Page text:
Combining futuristic aesthetics, strong use of colour and interactive technology, Teamlab has launched its fifth and largest iteration of its art installation: ‘Homogenizing and Transforming World‘. On show at the National Gallery Singapore until October 8th 2017, this installation allows visitors to surround themselves in a sea of colourful orbs that, when touched, change in colour, and in turn alter the hue of the entire room. Teamlab said this project is about humans being “intermediaries for information, and the instant the information spreads, the world unites — transforming it in an instant”.

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Images from here.

Ellen Pompeo’s barn style Hamptons home

The Grey’s Anatomy star Ellen Pompeo didn’t know the challenges she was in for when she purchased a Hamptons barn eight years ago.

In love with the history of the Sag Harbour  property – which was built by a female civil rights activist lawyer – Pompeo planned to build on the original footprint of the cabin, and create a larger cabin next to it.

However, at the same time, a home in Malibu that she had her eye on came onto the market. Despite the excitement in laying claim to this property, it meant the Sag Harbour project needed to be scaled back. Pompeo engaged an architect and designer to transform the existing cabin into a holiday home, leaving the extra build for a later date.

Yet, with their aesthetics not aligning, Pompeo parted ways with these two professionals and got started on tackling the decorating herself. Some time later, the actress and hobby decorator met Estee Stanley, of Hancock Design, and Brigette Romanek, and it was then that she felt ready to give the home the attention and work it deserved.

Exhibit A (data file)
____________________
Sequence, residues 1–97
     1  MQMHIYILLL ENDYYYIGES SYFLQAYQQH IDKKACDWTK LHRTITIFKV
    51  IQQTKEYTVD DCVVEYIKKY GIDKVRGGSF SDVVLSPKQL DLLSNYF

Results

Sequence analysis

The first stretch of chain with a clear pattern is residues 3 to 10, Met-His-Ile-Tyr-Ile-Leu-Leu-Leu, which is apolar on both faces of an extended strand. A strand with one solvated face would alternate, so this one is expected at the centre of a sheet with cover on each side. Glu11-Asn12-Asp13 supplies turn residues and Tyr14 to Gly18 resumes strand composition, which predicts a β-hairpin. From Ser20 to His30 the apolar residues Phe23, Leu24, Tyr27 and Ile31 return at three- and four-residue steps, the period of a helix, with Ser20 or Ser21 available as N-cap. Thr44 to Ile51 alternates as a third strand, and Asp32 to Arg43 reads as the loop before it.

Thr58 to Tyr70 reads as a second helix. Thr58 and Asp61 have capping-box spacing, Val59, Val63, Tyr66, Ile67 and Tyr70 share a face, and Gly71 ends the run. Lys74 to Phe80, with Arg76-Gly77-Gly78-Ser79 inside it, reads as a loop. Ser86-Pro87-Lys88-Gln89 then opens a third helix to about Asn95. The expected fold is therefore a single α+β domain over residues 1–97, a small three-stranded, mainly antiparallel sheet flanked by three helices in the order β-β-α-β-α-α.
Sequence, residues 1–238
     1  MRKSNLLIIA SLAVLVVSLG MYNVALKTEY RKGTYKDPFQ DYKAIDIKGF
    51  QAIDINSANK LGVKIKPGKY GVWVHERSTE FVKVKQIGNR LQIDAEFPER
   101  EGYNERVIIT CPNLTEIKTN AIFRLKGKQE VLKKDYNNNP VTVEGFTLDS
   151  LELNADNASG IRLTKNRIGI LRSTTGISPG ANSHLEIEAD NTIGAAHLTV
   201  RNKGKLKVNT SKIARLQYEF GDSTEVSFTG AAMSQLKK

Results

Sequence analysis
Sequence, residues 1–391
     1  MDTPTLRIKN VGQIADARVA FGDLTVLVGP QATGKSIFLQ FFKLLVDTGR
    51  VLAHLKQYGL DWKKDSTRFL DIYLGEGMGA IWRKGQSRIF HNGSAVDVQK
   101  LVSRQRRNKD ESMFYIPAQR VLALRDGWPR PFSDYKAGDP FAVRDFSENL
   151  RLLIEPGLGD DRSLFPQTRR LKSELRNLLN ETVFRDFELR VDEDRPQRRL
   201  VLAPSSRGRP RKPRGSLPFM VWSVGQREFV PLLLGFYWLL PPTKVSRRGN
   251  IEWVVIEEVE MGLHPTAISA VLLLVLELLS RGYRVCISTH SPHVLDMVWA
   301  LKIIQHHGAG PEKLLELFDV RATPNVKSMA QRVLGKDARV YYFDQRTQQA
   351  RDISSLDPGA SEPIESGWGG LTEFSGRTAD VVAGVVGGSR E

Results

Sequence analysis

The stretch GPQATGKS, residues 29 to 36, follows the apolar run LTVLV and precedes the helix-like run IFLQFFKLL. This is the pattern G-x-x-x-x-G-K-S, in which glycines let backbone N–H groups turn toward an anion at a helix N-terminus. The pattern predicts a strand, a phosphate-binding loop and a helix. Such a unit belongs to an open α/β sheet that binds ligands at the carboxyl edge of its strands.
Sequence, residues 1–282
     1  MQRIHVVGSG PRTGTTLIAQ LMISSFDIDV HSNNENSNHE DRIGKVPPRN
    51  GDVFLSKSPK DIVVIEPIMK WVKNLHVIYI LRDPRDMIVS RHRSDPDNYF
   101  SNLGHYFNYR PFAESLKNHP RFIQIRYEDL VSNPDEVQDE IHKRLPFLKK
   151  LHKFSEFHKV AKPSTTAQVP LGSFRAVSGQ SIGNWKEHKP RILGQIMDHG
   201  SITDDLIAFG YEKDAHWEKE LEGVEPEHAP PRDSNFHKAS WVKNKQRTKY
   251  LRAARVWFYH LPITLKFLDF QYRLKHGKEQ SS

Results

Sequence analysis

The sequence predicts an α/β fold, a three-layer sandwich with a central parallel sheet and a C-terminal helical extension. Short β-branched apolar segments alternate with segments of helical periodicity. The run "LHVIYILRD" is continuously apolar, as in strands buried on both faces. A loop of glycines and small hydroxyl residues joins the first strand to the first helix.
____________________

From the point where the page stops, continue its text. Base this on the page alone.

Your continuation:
Pompeo wanted something very different to her other properties, which include her midcentury Malibu home, two Mediterranean homes and two modern homes. Using lots of timber, an eclectic mix of furniture and a black, white and mustard colour palette, the result is modern, young and fresh – and very different to the traditional Hamptons aesthetic. Take a look…

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Images by Architectural Digest, from here.

L.A.’s very cool new Museum of Ice-Cream

Who said museums had to be serious? Los Angeles’ latest museum is far from it. The Museum of Ice Cream pays homage to all things sweet and features 10 rooms each with a unique dessert theme. Its mission? To “design environments that bring people together and provoke imagination”.

The first stop of the tour will see you in a room full of phones, where you’ll receive a call from none other than Seth Rogen to give you a run down of the experience ahead. From there, you’ll work room by room through the exhibit, where you’ll experience the ‘mint chocolate’ room, with its mint planters growing in cacao chip soil; a pool of sprinkles for you to dive into to; and the banana room with giant, scratchy, sensory walls to reveal that unmistakeable confectionary banana smell, to name a few.

With admission limited to 20 people per half-hour and tickets frequently selling out, you’ll need to be quick to experience this unconventional museum, and we’re certain it’s something you won’t forget in a hurry! Take a look…

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Images by Jennifer Chong from here.

De Gournay and Ken Fulk’s Central Park zoo-inspired wallpaper

Known for wallpapers, fabrics and porcelain that are pieces of art themselves, de Gournay has now collaborated with San Francisco interior designer Ken Fulk to create a magnificent new wallpaper collection.

de Gournay said the range was “imagined as the interior of a 1960’s doyenne of Upper East Side polite society”, and features “a menagerie of animals from the city’s zoo abounding within her exquisite garden, having escaped their lesser lodgings in Central Park”.

The motif is based on 19th century European wall-coverings, which showcased elaborate narrative vistas. With this attention to detail and being painted by hand by de Gournay’s in house artisans, each panel can take up to 150 hours to complete.

So take a look below and see if you can spot the leopards, tigers and giraffes, zebras, elephants, flamingos, parrots, monkeys and even a polar bear!

This new motif will be a permanent addition to de Gournay’s design library and available to order from its showrooms worldwide. Please contact Bernadette if you are interested in finding out more.

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Images from de Gournay.